“It is agreed that checkpoint stops are ‘seizures’ within the meaning of the Fourth Amendment.” (U.S. v. Martinez-Fuerte) Supreme Court required that these checkpoint seizures be limited to, “brief questioning” to inquire into immigration status (U.S. v. Martinez-Fuerte). Further, the courts have ruled that these checkpoints cannot be “catch all” checkpoints, that operate looking for any and all types of violations, but rather that they are limited to immigration status. Border Patrol internal, fixed-site (permanent) suspicionless checkpoints require the seizure to be brief and limited to inquiring into immigration status. The Supreme Court stated that “[A]ny further detention . . . must be based on consent or probable cause.” (U.S. v. Martinez-Fuerte).

Indianapolis v. Edmond (USSC)

“A search or seizure is ordinarily unreasonable in the absence of individualized suspicion of wrongdoing.” (Indianapolis v. Edmond) In other words, if a government agent has articulable “reasonable suspicion” that a person has violated a law, they can seize that person in order to begin an investigation.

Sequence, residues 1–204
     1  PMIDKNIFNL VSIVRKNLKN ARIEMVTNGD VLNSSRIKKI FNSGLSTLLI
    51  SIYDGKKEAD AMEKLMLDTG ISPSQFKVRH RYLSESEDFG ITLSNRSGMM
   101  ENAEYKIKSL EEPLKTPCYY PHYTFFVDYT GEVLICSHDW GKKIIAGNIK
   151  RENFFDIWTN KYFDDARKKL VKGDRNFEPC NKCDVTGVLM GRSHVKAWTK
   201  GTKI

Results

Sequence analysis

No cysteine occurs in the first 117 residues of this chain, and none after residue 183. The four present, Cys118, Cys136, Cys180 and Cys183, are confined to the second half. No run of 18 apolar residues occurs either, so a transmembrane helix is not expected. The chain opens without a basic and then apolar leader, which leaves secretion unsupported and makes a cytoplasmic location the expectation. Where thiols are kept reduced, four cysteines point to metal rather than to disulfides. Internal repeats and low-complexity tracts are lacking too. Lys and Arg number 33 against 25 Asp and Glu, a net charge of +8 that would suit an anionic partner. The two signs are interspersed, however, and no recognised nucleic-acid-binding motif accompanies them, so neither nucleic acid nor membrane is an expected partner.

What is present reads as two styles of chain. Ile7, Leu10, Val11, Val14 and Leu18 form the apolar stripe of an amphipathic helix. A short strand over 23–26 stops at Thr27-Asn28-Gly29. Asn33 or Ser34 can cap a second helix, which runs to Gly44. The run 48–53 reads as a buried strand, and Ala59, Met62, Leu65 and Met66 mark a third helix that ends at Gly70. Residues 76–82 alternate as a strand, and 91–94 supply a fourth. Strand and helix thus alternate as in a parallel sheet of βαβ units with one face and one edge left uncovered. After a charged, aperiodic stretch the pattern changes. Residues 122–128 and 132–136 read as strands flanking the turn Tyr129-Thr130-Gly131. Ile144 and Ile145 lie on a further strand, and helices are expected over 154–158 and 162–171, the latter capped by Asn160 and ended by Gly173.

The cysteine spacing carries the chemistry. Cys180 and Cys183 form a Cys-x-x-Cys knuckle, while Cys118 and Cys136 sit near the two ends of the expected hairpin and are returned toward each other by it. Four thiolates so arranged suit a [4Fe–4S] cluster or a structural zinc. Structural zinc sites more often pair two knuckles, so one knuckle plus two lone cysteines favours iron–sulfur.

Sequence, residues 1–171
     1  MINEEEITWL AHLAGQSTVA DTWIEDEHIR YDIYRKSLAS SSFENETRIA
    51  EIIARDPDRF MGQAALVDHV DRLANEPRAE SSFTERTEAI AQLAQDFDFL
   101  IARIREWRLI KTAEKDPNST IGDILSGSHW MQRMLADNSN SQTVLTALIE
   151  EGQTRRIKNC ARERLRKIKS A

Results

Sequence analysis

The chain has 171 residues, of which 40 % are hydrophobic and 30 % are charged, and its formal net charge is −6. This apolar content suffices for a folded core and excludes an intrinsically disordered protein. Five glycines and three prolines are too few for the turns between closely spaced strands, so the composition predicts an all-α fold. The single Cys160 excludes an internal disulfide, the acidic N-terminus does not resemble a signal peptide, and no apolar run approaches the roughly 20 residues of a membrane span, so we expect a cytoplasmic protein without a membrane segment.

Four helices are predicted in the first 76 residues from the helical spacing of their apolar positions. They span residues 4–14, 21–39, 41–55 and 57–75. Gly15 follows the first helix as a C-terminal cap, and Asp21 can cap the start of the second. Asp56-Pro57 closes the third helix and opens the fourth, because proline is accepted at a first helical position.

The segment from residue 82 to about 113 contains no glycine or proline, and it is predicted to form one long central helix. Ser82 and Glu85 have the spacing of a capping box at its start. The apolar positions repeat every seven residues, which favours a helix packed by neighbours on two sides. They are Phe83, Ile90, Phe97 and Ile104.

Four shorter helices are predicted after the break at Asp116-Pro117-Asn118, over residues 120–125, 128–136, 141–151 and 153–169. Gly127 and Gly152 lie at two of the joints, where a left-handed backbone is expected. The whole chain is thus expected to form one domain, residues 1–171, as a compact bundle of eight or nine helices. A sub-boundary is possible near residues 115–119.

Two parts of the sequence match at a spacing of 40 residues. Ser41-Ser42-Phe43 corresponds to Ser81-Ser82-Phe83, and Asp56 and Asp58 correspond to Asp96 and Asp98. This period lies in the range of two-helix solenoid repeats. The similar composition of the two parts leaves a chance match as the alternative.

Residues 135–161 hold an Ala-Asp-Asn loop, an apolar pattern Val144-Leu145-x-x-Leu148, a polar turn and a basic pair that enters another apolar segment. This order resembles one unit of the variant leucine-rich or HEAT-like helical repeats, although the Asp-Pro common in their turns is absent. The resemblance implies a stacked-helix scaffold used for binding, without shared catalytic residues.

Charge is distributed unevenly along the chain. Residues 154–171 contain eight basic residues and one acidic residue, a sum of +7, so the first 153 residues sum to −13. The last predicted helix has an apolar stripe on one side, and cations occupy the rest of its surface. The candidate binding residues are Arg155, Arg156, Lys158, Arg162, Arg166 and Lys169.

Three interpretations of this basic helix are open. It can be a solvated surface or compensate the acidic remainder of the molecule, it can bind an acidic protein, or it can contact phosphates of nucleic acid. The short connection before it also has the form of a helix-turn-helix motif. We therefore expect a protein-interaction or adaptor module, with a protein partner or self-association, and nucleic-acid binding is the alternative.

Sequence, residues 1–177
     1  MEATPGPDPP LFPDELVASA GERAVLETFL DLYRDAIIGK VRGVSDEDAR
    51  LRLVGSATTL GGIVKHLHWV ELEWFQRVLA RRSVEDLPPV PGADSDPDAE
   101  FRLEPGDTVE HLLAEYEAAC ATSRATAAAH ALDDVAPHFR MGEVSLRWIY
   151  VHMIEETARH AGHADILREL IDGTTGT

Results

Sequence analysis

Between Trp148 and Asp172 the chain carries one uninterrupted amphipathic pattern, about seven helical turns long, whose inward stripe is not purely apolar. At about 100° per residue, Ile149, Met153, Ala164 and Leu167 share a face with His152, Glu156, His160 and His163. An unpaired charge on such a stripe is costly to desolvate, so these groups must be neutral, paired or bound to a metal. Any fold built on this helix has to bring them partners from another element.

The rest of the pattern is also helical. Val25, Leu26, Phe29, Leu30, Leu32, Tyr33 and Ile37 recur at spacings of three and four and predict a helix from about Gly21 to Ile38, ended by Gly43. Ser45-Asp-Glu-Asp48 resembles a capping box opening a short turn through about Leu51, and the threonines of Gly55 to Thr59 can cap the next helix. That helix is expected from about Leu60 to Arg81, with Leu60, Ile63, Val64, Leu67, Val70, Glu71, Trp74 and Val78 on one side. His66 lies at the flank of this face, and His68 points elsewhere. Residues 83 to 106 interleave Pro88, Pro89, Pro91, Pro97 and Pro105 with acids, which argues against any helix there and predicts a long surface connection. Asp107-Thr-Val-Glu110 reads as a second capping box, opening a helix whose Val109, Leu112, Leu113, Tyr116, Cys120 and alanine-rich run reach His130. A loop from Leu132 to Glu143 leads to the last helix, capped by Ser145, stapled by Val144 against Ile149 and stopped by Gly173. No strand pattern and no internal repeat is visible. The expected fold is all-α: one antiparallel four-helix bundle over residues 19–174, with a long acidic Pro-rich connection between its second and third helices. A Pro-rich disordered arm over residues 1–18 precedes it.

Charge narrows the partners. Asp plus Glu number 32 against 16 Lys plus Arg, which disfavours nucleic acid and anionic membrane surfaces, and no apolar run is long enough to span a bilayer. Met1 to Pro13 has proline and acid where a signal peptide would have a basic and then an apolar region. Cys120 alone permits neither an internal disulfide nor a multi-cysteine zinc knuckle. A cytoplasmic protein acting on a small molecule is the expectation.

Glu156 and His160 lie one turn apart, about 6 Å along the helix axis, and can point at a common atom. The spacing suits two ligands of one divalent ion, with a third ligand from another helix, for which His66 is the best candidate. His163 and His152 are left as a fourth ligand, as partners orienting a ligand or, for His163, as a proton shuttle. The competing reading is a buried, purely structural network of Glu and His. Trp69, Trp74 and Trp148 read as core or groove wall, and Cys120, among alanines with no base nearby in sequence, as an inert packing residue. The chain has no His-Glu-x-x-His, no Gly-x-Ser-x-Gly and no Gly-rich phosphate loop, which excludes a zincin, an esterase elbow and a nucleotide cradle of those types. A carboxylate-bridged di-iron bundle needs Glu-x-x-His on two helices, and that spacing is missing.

Florida v. Bostick (USSC)

What questions are individuals required to answer at these Border Patrol stops, if any? The answer is none. Cooperation during suspicionless checkpoints is not required. Individuals have a right to not answer questions, and there is no law that requires them to provide any identification. Further, cooperation with an investigation/inquiry is NOT required even in stops that are based on suspicion, so they are most certainly not required in a stop where there is no suspicion of wrongdoing. Still further, choosing not to cooperate with government actors at a suspicionless checkpoint, cannot be used against you as a basis for suspicion. The Supreme Court ruled, “We have consistently held that a refusal to cooperate…does not furnish the minimal level of objective justification needed for a detention or seizure.” (Florida v. Bostick) The Fifth Circuit that holds jurisdiction over the checkpoint in Uvalde, Texas agrees stating, “[I]t would make a mockery of the reasonable suspicion and probable cause requirements if citizens’ insistence that searches and seizures be conducted in conformity with constitutional norms could create the suspicion or cause that renders their consent unnecessary.” (United States v. Machuca-Barrera, 5th Cir. Appeals).